How To Qualify For a Mortgage
There are many things you should consider when buying a home. The first step is applying for a mortgage. How do you know if you’ll qualify?
In this article we’ll explain some of the main factors that lenders look at when they consider mortgage applications.
Qualifying For A Mortgage: Main Factors
Your income, credit score, assets, property type and debt are major factors that lenders first consider when they decide whether if you qualify for a mortgage loan or not. Let’s begin by taking a look at them.
One of the first and most important things that lenders consider when they receive your loan application is your household income. There is no minimum dollar amount that you need to earn in order to apply for a loan. However, it is necessary for your lender to know that you have enough money coming in to cover your mortgage payment and other bills.
Moreover, you should remember that lenders don’t only consider your salary when they calculate your total income. They also take into account other reliable and regular income, such as:
- Military benefits and allowances
- Any extra income from a side hustle
- Alimony or child support payments
- Income from investment accounts
- Social Security payments
Your credit score is a three-digit numerical rating that expresses how reliable you are as a borrower. On the one hand, a high credit score usually means that you pay your bills on time, don’t take on too much debt and watch your spending. On the other hand, a low credit score might mean that you frequently fall behind on payments or you are taking on more debt than you can afford. Borrowers who have high credit scores get offered a largest selection of loan types and the lowest interest rates.
For most types of loans, you’ll need to have a FICO credit score of at least 620 points to qualify. If your credit score I lower than 620, you should consider an FHA loan.
The type of property you want to purchase is another important factor when qualifying for a loan. The easiest type of property to purchase is a primary residence.
Primary residences are less risky for lenders. They also allow them to extend loans to more people. For instance, what happens if you have an unexpected bill or lose a stream of income? In this case you’re more likely to prioritize payments on your home.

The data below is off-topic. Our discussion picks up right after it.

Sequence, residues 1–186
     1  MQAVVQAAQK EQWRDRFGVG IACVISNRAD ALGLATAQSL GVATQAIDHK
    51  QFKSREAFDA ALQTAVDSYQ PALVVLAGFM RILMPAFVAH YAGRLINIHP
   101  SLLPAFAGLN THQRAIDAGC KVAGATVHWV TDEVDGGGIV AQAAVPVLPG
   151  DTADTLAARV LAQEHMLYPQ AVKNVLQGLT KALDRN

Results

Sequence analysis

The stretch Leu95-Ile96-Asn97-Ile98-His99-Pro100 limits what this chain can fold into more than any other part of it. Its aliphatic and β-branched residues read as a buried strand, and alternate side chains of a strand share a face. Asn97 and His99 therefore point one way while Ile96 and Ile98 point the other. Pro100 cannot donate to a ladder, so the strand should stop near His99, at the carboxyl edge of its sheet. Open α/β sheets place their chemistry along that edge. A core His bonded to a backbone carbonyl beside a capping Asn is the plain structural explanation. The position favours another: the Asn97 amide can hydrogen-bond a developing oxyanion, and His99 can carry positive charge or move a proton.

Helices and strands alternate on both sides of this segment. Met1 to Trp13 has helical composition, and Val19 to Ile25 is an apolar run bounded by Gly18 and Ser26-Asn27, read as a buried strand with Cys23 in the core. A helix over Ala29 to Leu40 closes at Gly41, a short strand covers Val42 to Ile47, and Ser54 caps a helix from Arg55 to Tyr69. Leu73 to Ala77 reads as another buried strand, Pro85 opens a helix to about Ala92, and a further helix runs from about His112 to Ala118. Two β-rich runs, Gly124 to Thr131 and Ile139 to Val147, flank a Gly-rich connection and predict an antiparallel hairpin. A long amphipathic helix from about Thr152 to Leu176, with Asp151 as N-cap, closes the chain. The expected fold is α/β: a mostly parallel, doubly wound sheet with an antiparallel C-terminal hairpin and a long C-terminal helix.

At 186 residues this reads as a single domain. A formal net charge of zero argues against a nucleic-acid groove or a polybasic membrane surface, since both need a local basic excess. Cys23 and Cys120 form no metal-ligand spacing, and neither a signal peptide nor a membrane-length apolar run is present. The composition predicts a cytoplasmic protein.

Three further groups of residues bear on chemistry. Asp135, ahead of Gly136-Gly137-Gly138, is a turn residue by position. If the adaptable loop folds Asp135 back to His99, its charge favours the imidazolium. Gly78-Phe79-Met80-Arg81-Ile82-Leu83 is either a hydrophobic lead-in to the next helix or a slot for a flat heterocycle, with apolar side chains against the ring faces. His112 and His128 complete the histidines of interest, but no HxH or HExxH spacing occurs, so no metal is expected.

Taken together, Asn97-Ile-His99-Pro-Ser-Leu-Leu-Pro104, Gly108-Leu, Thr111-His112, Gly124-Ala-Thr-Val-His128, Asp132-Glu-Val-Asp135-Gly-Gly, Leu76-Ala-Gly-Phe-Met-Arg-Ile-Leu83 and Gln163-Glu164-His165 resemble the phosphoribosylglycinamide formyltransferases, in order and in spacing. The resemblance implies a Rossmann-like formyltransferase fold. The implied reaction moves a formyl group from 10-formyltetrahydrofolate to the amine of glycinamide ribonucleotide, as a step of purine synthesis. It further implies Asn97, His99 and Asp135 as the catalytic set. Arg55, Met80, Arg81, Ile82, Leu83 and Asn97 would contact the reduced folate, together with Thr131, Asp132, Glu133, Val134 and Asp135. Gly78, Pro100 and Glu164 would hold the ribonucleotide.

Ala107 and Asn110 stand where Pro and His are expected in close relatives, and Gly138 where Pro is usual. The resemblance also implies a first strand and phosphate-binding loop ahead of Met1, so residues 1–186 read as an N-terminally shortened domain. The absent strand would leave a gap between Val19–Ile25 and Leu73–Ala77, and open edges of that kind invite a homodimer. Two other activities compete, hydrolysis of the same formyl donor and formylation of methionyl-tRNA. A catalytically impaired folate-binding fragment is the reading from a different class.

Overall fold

Let’s say you want to buy a secondary residence or an investment property. You’ll need to meet higher credit, down payment and debt requirements. This is due to the fact that these property types are riskier for lender financing.
Your lender needs to know that if you run into a financial emergency, you can keep making your mortgage payments. That’s where assets come in. Assets are things that have value and you own them. For example:
- Checking and savings accounts
- Stocks, bonds and mutual funds
- Certificates of deposit (CDs)
- 401(k)s, IRAs, or any other retirement account you have
Your lender may require documentation that verifies these types of assets.
For mortgage lenders it’s crucial to know that you have enough money coming in to cover your mortgage payment and all of your other bills. Your DTI ratio is a percentage that shows lenders how much of your gross monthly income goes to required bills every month. That’s why is highly important for lenders this percentage.
Are you ready for a mortgage? The first step is to get loan preapproval. A loan preapproval will tell you how much money you can get in a home loan and can help you begin shopping for your dream home.
If you want to know more about this subject, do not hesitate to fill in the following application form. If you have questions about mortgages, you can also call us at +1 (800) 638-6035 or email us at firstname.lastname@example.org. We’ll get back to you in 24 hours or less.